10 Board Diversity Mandate Questions

  1. Do you perform an annual board assessment of your current board composition, and do you have diversity of thought, skills, experience, gender, age, industry and geographic?
  2. Have you defined what board diversity means to your company in terms of the commitment and needs?
  3. Do you have set term limits and/or age limits for your current board?
  4. Do you have a board diversity policy that sets out targets for women representation on your board?
  5. Do you go outside your current network when looking for new board talent?
  6. Do you have an internal diversity champion?
  7. Do you perform an annual board performance evaluation for board renewal?
  8. Do you keep an evergreen list of diverse board candidates for board renewal?
  9. Do you have a board succession planning process?
  10. Do you ensure there are diverse board candidates in the board search process? (Do you know about Women Get On Board and our directory that we are building of qualified women corporate directors?)

Diverse boards enhance a company’s financial and non-financial performance. So, let’s all step up today and collectively be Agents of Change in advancing board diversity in Canada. Together, we can make a difference in advancing diversity as a strategic opportunity for board-building.

Agents of Change

On February 11th, I participated as a panellist for the Strategic Capability Network’s ‘New OSC Board Diversity Policy: A Strategic Opportunity for Board-Building’ event (bit.ly/scnetworkfeb11event). My topic: How can we be agents of change in making diversity a strategic opportunity? With the new OSC rules surrounding board diversity there will be many changes ahead in how corporate boards recruit their new board members. As a corporate director, I believe that this is an opportunity to build stronger boards.

Leadership Development

A crucial step in making board diversity a strategic opportunity is for HR executives to identify leaders and engage in leadership development. This can be done through supporting executives to complete governance educational programs such as the ICD Director’s Education Program or the Directors College. Board development programs help executives learn how to be more effective in working with their boards. The opportunity for executives to serve on a board helps them round out their skills by having a Board frame of reference, which also helps them in their presentations to the Board.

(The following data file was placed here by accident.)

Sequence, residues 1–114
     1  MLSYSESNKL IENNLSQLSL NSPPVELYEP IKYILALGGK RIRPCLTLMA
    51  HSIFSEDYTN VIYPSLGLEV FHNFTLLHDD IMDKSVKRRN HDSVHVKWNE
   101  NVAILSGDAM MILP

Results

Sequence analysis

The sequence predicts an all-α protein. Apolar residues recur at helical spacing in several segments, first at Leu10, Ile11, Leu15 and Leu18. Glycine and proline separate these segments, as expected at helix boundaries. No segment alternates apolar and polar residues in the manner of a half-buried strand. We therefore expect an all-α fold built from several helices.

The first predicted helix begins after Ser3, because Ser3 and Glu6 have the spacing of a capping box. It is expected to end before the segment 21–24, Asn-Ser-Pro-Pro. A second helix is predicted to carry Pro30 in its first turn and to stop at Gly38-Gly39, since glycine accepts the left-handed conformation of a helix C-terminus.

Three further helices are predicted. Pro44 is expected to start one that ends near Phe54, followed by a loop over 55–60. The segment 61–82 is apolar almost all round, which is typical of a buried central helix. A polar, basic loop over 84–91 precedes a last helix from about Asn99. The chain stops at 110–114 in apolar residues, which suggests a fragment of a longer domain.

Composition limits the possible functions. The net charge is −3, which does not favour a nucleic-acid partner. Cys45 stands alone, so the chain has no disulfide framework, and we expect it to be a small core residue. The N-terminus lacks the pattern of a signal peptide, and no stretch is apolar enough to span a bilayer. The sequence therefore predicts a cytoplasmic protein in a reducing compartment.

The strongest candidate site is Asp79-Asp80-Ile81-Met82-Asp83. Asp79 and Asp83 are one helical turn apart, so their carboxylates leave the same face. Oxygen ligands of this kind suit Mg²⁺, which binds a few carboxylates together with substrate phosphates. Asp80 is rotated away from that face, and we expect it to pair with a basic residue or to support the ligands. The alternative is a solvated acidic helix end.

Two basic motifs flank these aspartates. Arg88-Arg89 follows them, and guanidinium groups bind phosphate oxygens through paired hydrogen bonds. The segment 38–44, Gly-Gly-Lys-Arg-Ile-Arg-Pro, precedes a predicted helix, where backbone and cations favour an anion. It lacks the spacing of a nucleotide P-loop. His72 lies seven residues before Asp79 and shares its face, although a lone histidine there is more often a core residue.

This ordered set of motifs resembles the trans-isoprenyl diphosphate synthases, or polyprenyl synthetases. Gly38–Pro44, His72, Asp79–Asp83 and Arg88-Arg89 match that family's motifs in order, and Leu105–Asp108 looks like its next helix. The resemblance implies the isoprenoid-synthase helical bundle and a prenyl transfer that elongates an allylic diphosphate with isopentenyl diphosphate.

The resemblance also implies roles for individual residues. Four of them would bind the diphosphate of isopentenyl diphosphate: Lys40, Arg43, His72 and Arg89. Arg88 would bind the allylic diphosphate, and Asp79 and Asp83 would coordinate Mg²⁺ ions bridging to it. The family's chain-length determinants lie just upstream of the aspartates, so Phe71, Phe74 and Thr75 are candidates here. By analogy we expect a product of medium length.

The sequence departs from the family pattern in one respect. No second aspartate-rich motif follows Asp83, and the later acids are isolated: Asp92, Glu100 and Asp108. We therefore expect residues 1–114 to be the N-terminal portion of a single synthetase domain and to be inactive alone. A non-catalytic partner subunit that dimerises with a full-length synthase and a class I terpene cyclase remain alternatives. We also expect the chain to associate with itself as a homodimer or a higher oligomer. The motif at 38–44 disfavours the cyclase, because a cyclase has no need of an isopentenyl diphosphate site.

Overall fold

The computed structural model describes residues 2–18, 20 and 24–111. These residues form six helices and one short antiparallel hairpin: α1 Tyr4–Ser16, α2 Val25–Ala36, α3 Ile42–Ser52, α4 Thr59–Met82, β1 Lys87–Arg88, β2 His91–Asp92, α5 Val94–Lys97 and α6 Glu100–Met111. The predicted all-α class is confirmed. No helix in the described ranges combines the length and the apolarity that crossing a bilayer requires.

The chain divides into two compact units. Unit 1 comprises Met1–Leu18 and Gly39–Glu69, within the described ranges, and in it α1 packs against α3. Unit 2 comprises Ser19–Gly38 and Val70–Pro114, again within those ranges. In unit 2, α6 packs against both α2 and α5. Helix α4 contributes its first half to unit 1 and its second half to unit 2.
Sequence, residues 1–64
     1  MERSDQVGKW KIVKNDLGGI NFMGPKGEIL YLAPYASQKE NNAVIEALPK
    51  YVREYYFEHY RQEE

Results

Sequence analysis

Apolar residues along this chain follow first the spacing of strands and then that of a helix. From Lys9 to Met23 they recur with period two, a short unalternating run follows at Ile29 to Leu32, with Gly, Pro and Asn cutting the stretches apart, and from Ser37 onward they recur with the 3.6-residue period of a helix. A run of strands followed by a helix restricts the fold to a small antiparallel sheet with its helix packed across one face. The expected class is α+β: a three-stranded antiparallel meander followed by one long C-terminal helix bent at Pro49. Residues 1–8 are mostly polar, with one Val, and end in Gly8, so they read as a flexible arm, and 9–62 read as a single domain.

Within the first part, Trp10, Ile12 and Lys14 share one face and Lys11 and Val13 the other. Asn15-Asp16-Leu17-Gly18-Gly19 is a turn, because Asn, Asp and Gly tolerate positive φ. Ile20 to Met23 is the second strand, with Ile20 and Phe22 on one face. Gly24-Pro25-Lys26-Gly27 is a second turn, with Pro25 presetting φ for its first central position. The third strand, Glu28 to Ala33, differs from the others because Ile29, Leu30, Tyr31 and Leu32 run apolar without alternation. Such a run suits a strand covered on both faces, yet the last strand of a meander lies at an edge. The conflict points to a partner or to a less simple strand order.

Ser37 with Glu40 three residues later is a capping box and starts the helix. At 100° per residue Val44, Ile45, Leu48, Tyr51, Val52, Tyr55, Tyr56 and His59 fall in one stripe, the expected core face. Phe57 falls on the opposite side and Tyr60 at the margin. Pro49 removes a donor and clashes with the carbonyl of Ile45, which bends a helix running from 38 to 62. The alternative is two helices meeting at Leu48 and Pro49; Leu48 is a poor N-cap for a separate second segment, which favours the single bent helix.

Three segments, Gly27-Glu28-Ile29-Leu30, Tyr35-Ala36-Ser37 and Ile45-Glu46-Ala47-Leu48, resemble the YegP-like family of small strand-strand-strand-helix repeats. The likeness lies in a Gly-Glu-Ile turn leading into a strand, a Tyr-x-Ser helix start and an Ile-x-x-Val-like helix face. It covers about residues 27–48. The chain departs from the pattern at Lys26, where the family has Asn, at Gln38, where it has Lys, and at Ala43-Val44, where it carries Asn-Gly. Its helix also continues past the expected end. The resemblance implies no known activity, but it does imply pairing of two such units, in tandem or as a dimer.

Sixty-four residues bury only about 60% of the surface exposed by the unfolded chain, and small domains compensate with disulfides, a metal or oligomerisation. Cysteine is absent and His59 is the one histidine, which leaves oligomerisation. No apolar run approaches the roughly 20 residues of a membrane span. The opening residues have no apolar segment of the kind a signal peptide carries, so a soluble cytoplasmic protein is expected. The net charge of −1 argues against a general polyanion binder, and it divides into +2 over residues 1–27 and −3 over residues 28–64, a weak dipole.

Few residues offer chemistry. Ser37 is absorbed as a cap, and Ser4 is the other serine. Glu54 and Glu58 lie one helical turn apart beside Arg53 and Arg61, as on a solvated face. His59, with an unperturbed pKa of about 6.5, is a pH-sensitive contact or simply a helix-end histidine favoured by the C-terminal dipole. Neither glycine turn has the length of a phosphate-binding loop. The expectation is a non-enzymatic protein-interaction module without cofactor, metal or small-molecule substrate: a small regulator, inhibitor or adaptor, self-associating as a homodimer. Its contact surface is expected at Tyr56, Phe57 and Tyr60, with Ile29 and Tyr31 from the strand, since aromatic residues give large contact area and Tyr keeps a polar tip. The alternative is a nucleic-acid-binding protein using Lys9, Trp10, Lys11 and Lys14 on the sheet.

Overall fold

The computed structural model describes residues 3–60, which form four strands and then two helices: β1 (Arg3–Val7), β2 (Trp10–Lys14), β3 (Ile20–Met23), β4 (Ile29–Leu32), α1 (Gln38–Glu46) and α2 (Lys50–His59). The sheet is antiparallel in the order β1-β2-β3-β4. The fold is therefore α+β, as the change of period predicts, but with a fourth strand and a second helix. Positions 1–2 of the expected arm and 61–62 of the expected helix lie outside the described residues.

HR executives should take the time to get to know their current Board members —if they serve on other Boards, perhaps there may be potential board opportunities for members of their executive team.

Should HR executives play a role in helping their Governance Committee decide on board composition issues?

HR executives can help the Board develop their Board skills matrix. They can work with the Chair of the Governance Committee or the Corporate Secretary to help recruit potential Board members from inside and outside of the company. They can keep an evergreen list of potential Board members, lead the conversation on age diversity and help put age limit policy in place.

I am an Agent of Change.

As a sitting Corporate Director, I have been approached quite often by other women asking me how I got on Boards. So over time, I would speak about it on panels, or have follow-up telephone calls, coffee, or lunch meetings. Then, last May I engaged a digital branding firm to work with me on my online branding, and I started developing my thought leadership around women on boards and governance. Shortly after that, my call to action came and I joined forces with my co-founder, Susan Varty, to launch Women Get On Board—a member based forum to connect and promote women to corporate boards through roundtable events and promoting on-line their expertise. Last week we had our first roundtable event, Be Visible, speak up and Stand out, with guest speaker Beverly Topping. If you are interested in learning more about Women Get On Board, you can go to, womengetonboard.ca or email us at connect (at) womengetonboard (dot) ca.

So let’s all step up today and collectively be Agents of Change. We can make a difference in making diversity a strategic opportunity for board-building.